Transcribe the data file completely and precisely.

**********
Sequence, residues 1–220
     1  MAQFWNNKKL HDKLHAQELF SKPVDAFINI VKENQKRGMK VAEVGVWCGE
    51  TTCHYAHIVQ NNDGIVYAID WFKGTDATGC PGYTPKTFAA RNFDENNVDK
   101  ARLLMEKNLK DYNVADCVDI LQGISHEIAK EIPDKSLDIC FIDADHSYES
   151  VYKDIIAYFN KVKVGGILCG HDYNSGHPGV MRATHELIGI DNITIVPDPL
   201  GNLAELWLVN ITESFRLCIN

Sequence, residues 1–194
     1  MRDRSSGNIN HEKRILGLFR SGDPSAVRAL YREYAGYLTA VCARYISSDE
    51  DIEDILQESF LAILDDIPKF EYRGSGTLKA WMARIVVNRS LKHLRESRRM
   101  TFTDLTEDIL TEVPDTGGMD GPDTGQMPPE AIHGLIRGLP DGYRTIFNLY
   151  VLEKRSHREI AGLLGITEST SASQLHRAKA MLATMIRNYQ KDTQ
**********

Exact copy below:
Sequence, residues 1–220
     1  MAQFWNNKKL HDKLHAQELF SKPVDAFINI VKENQKRGMK VAEVGVWCGE
    51  TTCHYAHIVQ NNDGIVYAID WFKGTDATGC PGYTPKTFAA RNFDENNVDK
   101  ARLLMEKNLK DYNVADCVDI LQGISHEIAK EIPDKSLDIC FIDADHSYES
   151  VYKDIIAYFN KVKVGGILCG HDYNSGHPGV MRATHELIGI DNITIVPDPL
   201  GNLAELWLVN ITESFRLCIN

Sequence, residues 1–194
     1  MRDRSSGNIN HEKRILGLFR SGDPSAVRAL YREYAGYLTA VCARYISSDE
    51  DIEDILQESF LAILDDIPKF EYRGSGTLKA WMARIVVNRS LKHLRESRRM
   101  TFTDLTEDIL TEVPDTGGMD GPDTGQMPPE AIHGLIRGLP DGYRTIFNLY
   151  VLEKRSHREI AGLLGITEST SASQLHRAKA MLATMIRNYQ KDTQ